Conclusion Top


  1. The early primary repair of extensor tendon injury is attended with more excellent results.
  2. Multidigits and multiinjury zones involved have a poor effect on final results of extensor tendon injury management.
  3. The results of injuries at the PIP joint level (zones III) have remained problematic, as in this study and many other previous studies it gave the worst results compared with other zones.
  4. Extensor tendon injury with associated bone injury still represents a challenge to hand surgeons in earlier and recent studies.
  5. The postoperative splinting after extensor tendon repair is still under debate. From the economic point of view, a static regimen may be preferred, as it is much cheaper besides it requires little supervision by the physician.



  Acknowledgements Top


Conflicts of interest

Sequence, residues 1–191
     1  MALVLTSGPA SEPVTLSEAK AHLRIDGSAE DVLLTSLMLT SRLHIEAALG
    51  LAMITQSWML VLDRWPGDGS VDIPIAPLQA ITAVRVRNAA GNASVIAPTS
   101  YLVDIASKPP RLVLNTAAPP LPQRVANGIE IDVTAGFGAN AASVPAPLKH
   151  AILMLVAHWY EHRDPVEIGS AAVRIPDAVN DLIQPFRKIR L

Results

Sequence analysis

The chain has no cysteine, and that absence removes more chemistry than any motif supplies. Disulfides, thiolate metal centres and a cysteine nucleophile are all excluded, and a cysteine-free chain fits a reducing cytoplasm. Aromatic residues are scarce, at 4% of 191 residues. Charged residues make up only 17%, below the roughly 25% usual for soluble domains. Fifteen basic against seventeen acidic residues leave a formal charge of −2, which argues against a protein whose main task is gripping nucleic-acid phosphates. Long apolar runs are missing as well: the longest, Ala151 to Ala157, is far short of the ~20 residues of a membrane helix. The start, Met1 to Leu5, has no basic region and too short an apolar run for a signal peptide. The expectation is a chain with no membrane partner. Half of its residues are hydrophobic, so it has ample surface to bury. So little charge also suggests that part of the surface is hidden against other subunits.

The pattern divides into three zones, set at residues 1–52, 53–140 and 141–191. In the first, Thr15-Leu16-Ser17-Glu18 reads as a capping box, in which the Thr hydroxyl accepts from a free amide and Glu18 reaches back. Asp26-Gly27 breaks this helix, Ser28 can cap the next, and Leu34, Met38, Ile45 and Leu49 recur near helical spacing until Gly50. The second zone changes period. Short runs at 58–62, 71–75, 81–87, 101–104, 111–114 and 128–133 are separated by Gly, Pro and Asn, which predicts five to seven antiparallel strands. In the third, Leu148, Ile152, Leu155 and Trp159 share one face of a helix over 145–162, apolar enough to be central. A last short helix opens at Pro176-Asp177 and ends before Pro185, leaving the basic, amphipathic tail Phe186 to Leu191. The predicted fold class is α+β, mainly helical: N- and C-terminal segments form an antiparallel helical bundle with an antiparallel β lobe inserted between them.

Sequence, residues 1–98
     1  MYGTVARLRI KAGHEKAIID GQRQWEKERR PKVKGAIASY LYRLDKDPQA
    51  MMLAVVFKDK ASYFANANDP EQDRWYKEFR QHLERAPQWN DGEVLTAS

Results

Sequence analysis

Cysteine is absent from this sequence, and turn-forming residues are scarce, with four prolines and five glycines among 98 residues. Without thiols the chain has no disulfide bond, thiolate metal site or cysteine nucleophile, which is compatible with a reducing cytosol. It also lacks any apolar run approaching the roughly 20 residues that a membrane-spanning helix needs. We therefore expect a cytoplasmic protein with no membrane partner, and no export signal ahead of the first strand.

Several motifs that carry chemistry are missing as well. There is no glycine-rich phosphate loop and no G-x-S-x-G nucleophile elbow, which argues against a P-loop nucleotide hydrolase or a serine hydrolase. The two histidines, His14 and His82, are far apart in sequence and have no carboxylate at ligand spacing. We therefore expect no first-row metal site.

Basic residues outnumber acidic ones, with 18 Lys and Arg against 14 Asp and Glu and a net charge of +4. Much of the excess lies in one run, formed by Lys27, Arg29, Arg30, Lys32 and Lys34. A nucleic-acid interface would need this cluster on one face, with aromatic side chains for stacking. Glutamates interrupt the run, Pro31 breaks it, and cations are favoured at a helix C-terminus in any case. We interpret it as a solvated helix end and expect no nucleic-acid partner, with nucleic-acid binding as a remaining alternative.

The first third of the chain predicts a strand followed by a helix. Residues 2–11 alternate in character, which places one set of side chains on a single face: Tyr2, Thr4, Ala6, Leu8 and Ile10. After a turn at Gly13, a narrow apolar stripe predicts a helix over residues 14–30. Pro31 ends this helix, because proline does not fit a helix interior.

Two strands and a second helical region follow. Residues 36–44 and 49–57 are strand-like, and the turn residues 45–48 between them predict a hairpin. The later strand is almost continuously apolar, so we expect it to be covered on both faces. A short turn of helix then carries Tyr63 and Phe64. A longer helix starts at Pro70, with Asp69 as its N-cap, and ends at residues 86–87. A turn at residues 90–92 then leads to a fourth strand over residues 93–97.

None declared.

 
  References Top

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2.
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9.
Evans JD, Wignakumar V, Davis TR, Dove A Results of extensor tendon repair performed by junior accident and emergency staff. Injury 1995; 26:107-109.  Back to cited text no. 9
    
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11.
Fitoussi F, Badina A, Ilhareborde B, Morel E, Ear R, PenneçotGF. Extensor tendon injuries in children. J Pediatr Orthop 2007; 27 :863-866.  Back to cited text no. 11
    
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Allieu Y, Cbammas M, Romian M. Acute traumatic injuries of the digital extensor mechanism. In: Tubiana R, Gilbert A eds. Tendon, nerve and other disorders London, New York: Taylor & Francais; 2005:2-70.  Back to cited text no. 13
    
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Newport ML, Blair WF, CM Steyers. Long-term results of extensor tendon repair. J Hand Surg Am 1990; 15 :961-966.  Back to cited text no. 14
    
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Kelly AP. Primary tendon repairs; a study of 789 consecutive tendon severances. J Bone Joint Surg Am 1959; 41 -A:581-598.  Back to cited text no. 15